A Fisher of Compliments

Chicago is one of those places where it pays to look up.  Sure, no one wants to look like a tourist, but at the same time many of the city’s architectural delights aren’t at eye-level.

Case in point: The Fisher Building.  This Chicago School masterpiece is loved by architecture enthusiasts around the world.  But unless you live in the building you may not have noticed that it’s best face is actually hidden beneath the elevated tracks on Van Buren street.  The snowycam photo above simply doesn’t do the relief justice.  The building’s main entrance on Dearborn Street lacks the elaborate ornamentation.  Instead, it’s saved for the dank, noisy side.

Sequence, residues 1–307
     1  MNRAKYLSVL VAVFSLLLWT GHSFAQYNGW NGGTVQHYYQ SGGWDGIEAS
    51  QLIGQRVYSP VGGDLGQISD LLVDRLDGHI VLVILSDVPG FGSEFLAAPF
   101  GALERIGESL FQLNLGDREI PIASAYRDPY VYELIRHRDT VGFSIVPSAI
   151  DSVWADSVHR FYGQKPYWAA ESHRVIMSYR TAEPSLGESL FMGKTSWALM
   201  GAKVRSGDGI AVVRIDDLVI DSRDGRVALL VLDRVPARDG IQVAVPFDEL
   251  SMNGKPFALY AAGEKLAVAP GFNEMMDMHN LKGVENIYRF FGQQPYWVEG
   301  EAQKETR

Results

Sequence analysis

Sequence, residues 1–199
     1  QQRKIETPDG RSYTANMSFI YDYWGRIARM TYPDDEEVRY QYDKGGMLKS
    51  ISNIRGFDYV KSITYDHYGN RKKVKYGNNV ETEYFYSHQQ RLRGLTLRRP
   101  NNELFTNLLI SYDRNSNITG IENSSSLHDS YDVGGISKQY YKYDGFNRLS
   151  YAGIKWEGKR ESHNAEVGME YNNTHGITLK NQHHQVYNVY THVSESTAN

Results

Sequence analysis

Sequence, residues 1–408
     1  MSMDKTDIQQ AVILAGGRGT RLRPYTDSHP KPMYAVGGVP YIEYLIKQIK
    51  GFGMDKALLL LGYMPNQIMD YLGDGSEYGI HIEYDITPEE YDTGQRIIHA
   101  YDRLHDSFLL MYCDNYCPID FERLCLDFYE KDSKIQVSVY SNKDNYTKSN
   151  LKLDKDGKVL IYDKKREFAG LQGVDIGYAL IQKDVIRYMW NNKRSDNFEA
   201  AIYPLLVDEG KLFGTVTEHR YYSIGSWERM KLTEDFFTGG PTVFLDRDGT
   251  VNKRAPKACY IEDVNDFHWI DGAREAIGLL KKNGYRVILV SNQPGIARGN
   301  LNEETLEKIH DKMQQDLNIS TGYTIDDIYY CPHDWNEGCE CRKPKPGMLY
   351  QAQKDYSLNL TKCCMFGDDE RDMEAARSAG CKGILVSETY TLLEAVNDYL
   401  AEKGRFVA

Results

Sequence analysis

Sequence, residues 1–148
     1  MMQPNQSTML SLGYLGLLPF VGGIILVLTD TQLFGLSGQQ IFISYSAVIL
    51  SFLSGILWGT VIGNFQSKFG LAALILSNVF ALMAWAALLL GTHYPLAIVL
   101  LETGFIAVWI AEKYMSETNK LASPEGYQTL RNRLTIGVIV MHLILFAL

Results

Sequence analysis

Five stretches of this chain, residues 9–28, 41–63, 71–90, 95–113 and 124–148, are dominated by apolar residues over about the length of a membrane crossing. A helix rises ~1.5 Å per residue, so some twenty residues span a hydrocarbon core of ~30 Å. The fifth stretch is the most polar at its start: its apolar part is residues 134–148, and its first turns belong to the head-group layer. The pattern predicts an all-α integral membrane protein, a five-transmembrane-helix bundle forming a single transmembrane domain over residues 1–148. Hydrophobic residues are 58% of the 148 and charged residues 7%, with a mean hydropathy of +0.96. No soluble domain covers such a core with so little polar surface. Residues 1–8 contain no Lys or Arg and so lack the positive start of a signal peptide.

In a way, this makes sense.  At the time the Fisher Building was erected (1906) there was probably streetcar tracks running on Van Buren, and not the elevated structure we see today.  So the building actually did put its best face forward.  It’s just that the world revolved away from it.

Author: Editor

Editor founded the Chicago Architecture Blog in 2003, after a long career in journalism. He can be reached at chicagoarchitectureinfo@gmail.com.

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